April 18, 2017 - 9:52pm
Britain's Theresa May on Tuesday called for snap elections on June 8, catching the country by surprise in a bid to bolster her position before tough talks on leaving the European Union.
"We need a general election and we need one now, because we have at this moment a one-off chance to get this done while the European Union agrees its negotiating position and before the detailed talks begin," the prime minister said outside her Downing Street office.
The pound, which has fallen because of the Brexit vote and plunged ahead of May's announcement Tuesday, rose sharply against the euro and the dollar after it.
Britain started the formal process of leaving the EU last month, but the negotiations are not due to begin for weeks -- giving the prime minister a slim window to increase her support for the battles ahead.
Despite repeatedly rejecting calls from within her Conservative party for an early vote, May has now decided to take advantage of her commanding lead over the main opposition Labour Party in opinion polls.
The margin reached 20 points in the latest polls.
May accused her domestic political opponents of "game-playing" over Brexit.
Most of them oppose leaving the EU, and particularly May's plans to withdraw from Europe's single market.
"Division in Westminster will risk our ability to make a success of Brexit and it will cause damaging uncertainty and instability to the country," she said.
The 60-year-old vicar's daughter took office after her predecessor David Cameron resigned following the shock vote for Brexit in June 2016.
She has repeatedly insisted that she felt no need to secure a personal mandate -- or increase the Tories' slim majority in the House of Commons -- and would wait until the next election scheduled for 2020.
But with the Brexit talks now set to conclude in 2019, and the prospect of some transitional arrangements extending well beyond that date, she has decided to settle the issue early.
"I have concluded that the only way to guarantee certainty and stability for the years ahead is to hold this election and seek your support for the decisions I must take," May said.
New battles loom
The other 27 EU leaders are set to hold a summit on April 29 where they will agree on a strategy for negotiating Britain's expected departure in 2019.
The negotiations themselves are not expected to start until May or June at the earliest -- and Brussels said this timetable would not change.
The European Commission has said it wants the exit talks to be concluded by October 2018 at the latest, to allow time for the deal to be ratified.
May secured the British parliament's support to trigger Article 50 of the EU's Lisbon Treaty last month, starting the two-year countdown to Brexit.
But eurosceptics and europhiles alike are gearing up for further battles over the details of the negotiations -- and senior Tories have been urging May for months to try to increase the party's majority of 17 in the 650-seat Commons.
One European source said Tuesday that May would be better placed to enter the negotiations -- and give "concessions" -- if she had a stronger hand.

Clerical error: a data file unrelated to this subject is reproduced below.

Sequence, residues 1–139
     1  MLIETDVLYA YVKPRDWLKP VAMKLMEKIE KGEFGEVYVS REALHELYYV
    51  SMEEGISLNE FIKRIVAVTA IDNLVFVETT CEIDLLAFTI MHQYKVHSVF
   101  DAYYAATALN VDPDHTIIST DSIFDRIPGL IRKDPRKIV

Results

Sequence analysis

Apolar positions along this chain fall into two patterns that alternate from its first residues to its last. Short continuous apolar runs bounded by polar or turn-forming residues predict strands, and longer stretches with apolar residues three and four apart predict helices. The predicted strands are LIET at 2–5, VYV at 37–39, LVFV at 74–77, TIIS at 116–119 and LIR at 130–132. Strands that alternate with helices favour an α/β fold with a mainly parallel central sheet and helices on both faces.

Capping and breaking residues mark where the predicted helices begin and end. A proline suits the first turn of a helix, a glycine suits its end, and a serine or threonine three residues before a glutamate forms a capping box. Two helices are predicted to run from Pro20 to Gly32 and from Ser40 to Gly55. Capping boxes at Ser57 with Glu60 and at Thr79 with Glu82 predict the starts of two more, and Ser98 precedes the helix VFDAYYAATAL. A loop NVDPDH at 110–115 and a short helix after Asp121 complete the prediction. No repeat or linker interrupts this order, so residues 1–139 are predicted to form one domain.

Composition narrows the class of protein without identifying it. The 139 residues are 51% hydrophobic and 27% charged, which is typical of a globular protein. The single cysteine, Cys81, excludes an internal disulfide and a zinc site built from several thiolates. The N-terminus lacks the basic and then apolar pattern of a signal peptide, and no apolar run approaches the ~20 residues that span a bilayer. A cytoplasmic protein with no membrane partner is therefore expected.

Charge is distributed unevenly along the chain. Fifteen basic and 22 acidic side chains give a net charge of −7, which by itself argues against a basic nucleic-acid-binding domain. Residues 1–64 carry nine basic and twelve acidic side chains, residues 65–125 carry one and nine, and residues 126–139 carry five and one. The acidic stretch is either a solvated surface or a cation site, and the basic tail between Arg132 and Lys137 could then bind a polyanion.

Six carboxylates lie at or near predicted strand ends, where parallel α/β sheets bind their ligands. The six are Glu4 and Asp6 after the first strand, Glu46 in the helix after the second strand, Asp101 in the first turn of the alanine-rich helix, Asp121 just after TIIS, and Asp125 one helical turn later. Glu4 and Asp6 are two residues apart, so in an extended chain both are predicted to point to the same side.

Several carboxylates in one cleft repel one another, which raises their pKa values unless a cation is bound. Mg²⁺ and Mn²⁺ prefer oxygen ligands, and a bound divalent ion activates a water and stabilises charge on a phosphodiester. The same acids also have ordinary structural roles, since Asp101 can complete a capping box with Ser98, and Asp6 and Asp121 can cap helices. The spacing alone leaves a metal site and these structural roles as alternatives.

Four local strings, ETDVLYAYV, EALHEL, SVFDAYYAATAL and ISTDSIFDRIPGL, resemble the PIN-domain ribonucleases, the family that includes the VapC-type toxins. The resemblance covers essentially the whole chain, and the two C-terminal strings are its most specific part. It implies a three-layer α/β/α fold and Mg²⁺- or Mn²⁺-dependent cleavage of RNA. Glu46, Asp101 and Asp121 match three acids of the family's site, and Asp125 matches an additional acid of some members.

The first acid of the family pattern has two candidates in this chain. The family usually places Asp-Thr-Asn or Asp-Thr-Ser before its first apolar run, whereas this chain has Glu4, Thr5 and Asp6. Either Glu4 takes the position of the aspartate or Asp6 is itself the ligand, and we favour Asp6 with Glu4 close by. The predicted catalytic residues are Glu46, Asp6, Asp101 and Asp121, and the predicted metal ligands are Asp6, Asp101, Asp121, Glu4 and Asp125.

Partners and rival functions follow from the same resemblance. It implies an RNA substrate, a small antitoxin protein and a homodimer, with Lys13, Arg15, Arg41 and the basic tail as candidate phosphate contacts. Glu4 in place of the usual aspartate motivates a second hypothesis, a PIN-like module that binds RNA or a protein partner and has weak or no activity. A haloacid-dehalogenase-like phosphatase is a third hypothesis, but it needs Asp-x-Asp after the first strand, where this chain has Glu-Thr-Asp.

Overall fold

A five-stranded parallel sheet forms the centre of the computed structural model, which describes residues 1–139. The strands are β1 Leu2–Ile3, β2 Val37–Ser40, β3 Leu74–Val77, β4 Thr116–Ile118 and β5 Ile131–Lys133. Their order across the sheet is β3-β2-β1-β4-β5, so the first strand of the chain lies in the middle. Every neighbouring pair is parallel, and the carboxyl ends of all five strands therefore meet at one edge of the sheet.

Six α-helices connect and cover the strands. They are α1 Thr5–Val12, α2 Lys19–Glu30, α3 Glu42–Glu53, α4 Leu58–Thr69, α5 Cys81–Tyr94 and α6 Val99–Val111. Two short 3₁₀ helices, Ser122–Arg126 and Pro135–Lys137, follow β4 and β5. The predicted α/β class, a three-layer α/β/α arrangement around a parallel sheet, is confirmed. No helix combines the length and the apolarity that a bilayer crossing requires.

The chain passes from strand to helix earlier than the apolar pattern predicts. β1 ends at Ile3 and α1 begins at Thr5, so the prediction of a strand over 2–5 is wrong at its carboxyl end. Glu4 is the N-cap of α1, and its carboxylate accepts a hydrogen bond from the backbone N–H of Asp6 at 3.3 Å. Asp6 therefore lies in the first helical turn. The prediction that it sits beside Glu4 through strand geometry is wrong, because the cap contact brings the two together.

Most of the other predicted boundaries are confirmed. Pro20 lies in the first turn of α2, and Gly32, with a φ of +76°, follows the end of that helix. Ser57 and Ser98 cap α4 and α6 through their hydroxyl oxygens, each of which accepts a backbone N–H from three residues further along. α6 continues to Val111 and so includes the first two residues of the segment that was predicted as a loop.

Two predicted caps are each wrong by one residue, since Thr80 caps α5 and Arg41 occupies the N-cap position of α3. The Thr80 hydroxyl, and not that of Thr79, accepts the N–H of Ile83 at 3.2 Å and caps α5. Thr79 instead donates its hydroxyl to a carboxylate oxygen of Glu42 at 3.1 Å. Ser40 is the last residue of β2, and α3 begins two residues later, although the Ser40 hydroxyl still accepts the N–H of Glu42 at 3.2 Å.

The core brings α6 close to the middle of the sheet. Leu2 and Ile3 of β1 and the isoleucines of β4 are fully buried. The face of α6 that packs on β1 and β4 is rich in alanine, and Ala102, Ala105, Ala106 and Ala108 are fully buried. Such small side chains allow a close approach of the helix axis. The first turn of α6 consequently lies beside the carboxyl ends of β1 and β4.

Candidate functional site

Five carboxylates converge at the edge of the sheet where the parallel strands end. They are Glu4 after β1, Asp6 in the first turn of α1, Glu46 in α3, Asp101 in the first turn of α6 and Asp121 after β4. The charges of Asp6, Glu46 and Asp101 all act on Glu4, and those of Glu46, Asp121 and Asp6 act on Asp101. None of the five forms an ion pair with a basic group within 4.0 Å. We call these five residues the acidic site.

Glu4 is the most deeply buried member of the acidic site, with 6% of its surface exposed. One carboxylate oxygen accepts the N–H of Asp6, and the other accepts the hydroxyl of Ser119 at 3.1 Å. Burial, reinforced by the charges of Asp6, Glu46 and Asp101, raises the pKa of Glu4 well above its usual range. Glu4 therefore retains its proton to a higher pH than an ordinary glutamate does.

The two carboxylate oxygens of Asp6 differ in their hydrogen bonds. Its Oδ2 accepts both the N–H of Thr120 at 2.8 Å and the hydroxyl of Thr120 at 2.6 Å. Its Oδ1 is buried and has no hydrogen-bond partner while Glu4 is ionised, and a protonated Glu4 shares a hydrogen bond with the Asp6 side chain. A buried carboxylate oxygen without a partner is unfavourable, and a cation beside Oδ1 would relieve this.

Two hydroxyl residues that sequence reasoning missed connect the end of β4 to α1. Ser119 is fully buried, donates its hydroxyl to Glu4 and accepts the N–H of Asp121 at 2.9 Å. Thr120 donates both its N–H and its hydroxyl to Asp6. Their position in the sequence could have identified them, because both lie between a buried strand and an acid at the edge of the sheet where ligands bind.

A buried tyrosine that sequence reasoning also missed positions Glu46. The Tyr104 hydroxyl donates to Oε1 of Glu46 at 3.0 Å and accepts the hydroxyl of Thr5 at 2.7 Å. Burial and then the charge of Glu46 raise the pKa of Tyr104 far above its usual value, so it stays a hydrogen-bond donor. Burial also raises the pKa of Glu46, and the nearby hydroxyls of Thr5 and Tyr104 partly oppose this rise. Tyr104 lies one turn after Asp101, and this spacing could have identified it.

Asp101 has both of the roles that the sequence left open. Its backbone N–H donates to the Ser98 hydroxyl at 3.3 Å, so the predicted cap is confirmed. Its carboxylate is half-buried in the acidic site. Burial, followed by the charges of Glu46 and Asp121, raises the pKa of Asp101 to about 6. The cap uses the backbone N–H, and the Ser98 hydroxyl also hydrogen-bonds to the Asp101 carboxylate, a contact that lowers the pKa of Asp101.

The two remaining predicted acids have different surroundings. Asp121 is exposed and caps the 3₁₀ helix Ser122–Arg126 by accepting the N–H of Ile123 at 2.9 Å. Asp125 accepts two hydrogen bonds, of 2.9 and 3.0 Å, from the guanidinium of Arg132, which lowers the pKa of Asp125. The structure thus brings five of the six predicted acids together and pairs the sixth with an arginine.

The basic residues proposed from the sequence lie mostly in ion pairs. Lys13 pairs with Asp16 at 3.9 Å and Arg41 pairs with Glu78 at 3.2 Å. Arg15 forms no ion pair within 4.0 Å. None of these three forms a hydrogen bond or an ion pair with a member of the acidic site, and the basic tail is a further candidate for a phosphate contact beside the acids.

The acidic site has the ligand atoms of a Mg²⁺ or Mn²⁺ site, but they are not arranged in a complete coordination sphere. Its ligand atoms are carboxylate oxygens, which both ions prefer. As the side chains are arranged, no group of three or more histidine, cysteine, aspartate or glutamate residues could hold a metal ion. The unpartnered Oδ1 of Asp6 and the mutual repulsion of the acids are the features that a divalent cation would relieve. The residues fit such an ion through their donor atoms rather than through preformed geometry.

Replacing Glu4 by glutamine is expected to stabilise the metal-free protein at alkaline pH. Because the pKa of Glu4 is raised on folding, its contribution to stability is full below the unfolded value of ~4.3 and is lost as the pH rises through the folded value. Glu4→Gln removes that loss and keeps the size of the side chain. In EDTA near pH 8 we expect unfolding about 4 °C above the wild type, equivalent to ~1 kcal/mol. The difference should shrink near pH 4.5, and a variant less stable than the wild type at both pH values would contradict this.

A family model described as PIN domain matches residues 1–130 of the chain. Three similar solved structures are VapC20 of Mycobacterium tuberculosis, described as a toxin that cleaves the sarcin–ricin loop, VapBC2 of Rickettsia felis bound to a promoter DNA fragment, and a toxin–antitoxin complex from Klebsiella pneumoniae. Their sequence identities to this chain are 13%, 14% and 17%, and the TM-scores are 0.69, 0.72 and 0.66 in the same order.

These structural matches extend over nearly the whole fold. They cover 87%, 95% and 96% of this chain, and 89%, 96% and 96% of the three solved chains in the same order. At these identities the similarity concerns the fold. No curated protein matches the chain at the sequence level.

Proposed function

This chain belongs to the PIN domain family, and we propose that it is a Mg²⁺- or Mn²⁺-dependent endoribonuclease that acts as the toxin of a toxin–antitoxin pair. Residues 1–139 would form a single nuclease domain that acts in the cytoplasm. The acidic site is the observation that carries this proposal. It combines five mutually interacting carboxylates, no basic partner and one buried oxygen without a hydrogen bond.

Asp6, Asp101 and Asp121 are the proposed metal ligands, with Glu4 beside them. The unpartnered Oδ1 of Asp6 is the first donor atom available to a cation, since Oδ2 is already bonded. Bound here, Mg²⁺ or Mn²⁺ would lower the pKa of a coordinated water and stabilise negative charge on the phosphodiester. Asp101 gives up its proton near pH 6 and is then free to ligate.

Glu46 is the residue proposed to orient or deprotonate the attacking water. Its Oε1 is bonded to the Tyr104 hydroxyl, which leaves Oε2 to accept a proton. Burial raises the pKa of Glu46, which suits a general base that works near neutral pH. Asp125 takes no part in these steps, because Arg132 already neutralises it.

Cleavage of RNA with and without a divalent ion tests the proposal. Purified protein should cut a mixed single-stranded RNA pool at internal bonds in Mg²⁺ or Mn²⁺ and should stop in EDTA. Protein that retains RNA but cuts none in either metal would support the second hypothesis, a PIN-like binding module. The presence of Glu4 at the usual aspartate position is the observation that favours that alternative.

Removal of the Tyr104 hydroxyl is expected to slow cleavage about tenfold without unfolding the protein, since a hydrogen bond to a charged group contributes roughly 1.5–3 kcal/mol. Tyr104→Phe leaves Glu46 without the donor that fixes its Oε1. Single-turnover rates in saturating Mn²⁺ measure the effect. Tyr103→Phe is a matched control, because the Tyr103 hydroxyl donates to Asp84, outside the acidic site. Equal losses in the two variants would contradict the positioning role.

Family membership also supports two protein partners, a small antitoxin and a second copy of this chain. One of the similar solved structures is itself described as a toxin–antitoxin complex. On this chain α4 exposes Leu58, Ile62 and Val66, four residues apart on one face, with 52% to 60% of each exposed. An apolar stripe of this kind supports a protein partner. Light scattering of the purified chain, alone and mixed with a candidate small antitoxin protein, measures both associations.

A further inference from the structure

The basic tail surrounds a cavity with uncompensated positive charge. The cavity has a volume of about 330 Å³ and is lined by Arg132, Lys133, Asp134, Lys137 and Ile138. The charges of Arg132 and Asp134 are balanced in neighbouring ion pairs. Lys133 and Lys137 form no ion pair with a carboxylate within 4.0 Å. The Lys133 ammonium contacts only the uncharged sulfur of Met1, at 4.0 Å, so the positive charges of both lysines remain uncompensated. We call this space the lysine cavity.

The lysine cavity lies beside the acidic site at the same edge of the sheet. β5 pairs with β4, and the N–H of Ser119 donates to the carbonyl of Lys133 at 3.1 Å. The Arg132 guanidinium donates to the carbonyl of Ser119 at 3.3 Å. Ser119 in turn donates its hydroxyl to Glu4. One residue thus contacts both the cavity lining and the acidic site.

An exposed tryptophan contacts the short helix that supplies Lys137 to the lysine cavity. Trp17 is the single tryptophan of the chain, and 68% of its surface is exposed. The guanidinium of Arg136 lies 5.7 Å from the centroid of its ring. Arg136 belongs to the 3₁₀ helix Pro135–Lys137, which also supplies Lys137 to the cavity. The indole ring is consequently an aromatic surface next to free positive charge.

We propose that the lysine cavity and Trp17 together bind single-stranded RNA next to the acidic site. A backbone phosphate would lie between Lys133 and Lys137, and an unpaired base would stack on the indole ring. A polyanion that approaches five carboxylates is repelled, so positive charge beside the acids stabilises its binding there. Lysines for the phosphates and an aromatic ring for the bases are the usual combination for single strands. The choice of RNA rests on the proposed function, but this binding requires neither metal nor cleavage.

"We have some hope that this will lead to a strong leader in London that can negotiate with us with strong backing by the electorate," said another.
British election dates are enshrined in law and can be changed only by a two-thirds majority vote in the Commons.
May said she would ask parliament on Wednesday to decide on bringing this forward to June 8 -- and the main opposition Labour party said it would back it.
"We look forward to showing how Labour will stand up for the people of Britain," said party leader Jeremy Corbyn.
A round of opinion polls over the Easter weekend showed that May's Conservative party enters the race well ahead of its rivals.
The Conservatives polled at 38 percent to 46 percent, while Labour stood at 23 percent to 29 percent, according to the polls by YouGov, ComRes and Opinium.
Corbyn, a veteran socialist, won the Labour leadership in September 2015.
But while the 67-year-old enjoys grassroots support from left-wingers, he is opposed by most of the party's more centrist lawmakers, who say he cannot appeal to the middle classes.
Unlike Corbyn, May has scored consistently well in terms of personal popularity, and polls have generally shown approval of her handling of the run-up to Brexit negotiations.
The general election will involve all four nations in Britain -- England, Wales, Scotland and Northern Ireland -- whose constitutional ties have been severely strained by Brexit.
The prospect of new border controls with Ireland has revived tensions in Northern Ireland, while Scotland has demanded a second vote on independence.
Scottish First Minister Nicola Sturgeon, the leader of the pro-independence Scottish National Party which has 54 of 59 Scottish seats in the Commons, said May was making a "huge political miscalculation".
"It will once again give people the opportunity to reject the Tories' narrow, divisive agenda, as well as reinforcing the democratic mandate which already exists for giving the people of Scotland a choice on their future," she said.